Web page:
The WCAG: Accessible Does Not Equal Intuitive
The Web Content Accessibility Guidelines (WCAG) is a standard, developed by the World Wide Web Consortium (W3C), designed to instruct web developers on how to make their websites accessible to users with disabilities. Although the WCAG does a very good job at detailing best practices for website accessibility, the reality is that no standard, no matter how well designed, can (a) keep up with fast-moving technology trends, and (b) provide guidelines that appropriately accommodate the needs of people with such a wide range of disabilities.
Dictionary.com defines the word “accessible” as something “that can be used, entered, reached, etc.” For our purposes, we will add a follow-up to this definition: “by people with and without disabilities.” If your website is conformant to WCAG 2.0 level AA, then it is, for the most part, “accessible.” A person with or without a disability should be able to go in and easily access the information.
However, when designing a website, you are not simply designing it so that people can access and use the information. You are designing it so that it is easy and intuitive to access the information. Intuitive is defined as “perceiving directly by intuition [or feeling] without rational thought, as a person or the mind.”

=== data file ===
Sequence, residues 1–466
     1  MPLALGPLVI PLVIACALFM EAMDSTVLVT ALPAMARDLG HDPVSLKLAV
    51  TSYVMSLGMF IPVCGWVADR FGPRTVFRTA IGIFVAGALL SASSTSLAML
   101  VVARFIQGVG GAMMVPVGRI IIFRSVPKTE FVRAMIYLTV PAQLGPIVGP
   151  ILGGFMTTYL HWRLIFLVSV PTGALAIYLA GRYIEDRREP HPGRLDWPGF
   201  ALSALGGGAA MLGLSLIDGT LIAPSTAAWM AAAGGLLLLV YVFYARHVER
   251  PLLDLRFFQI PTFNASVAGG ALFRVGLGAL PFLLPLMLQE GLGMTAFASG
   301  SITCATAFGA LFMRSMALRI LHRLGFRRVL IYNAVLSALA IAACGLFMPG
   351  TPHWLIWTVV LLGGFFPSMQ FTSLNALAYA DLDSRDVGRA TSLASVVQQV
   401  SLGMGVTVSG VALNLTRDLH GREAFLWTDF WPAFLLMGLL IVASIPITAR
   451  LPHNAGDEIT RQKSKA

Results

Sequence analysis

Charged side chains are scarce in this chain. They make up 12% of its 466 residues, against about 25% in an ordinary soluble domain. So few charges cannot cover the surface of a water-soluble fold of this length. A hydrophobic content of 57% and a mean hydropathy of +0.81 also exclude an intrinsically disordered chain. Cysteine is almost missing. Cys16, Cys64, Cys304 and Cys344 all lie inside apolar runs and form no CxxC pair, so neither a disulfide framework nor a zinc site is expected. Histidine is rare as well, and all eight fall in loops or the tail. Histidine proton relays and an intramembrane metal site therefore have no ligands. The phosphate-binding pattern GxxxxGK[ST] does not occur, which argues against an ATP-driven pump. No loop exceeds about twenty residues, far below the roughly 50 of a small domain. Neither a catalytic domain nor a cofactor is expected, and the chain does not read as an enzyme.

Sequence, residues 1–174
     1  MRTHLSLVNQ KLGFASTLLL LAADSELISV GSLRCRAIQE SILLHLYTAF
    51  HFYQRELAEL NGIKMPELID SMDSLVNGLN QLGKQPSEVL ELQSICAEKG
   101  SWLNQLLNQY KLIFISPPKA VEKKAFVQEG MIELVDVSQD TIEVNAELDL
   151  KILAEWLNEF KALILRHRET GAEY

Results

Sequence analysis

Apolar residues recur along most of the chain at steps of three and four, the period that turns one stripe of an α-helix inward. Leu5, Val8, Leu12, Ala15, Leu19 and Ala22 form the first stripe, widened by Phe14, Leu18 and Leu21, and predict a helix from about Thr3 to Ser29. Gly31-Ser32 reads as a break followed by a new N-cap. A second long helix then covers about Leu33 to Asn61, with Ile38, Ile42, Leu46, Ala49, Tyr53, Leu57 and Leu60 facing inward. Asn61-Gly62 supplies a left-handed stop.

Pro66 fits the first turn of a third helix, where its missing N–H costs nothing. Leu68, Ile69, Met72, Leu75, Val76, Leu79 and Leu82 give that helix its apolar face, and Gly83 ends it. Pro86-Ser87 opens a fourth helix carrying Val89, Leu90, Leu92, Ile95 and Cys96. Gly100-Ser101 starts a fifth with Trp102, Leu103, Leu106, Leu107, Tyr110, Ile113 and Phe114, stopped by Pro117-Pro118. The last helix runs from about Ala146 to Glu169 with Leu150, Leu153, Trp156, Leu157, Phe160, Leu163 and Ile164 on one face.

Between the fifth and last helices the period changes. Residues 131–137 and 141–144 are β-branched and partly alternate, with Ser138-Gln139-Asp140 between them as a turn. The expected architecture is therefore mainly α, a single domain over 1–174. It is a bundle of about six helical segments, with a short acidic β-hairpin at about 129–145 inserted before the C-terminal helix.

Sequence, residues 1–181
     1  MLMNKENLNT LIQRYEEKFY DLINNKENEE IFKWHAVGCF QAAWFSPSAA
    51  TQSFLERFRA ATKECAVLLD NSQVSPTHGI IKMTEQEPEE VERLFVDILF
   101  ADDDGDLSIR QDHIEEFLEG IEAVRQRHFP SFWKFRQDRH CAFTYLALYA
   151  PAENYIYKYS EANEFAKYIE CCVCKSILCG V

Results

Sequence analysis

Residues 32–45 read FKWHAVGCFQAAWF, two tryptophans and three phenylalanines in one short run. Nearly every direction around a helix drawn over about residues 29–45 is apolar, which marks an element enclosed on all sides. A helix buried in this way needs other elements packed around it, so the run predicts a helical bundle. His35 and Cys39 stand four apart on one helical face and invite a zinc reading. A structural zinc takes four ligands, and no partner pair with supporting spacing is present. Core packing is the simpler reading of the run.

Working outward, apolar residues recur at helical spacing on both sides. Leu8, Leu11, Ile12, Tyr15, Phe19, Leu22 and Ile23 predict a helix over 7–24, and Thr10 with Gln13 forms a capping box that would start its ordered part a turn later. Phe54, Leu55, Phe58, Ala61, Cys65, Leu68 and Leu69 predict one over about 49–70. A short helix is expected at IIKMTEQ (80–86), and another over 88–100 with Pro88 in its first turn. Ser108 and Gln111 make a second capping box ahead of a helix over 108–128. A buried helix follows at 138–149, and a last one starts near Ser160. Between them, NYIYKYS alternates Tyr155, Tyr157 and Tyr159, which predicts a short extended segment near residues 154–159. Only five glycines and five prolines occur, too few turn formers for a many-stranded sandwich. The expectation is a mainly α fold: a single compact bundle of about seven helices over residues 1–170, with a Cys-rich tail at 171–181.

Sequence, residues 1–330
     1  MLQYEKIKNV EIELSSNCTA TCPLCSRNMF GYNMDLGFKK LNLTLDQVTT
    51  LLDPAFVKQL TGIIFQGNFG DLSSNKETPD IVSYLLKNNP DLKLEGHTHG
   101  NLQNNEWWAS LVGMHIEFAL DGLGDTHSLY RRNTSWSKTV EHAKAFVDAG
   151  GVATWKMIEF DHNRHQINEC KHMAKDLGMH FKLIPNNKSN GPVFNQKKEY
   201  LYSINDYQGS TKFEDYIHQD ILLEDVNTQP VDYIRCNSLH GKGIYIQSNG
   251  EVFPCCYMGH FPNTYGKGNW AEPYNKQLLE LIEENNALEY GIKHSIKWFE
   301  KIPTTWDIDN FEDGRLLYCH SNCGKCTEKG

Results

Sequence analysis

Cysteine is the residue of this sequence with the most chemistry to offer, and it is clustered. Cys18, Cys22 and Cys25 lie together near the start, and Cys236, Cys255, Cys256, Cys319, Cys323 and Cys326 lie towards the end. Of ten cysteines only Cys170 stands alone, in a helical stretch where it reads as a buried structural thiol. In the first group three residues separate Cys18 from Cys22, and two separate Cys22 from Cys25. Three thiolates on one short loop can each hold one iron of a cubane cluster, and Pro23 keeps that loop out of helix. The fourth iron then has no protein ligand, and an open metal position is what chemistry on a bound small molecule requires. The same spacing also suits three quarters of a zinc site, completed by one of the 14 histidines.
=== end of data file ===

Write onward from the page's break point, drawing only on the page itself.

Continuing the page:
When the WCAG is followed, websites are often created to be accessible but not necessarily intuitive. To design a website that is truly intuitive for people with disabilities, it is necessary to have people with disabilities test it. It may pass the WCAG standard, but is it expected that a person with a disability would think to interact with this or that feature in this or that way?
These are questions that we can answer for you here at Accessible360. We have a wealth of experience in this area and can ensure that your website follows the WCAG standard, and is accessible AND intuitive for those who live with disabilities.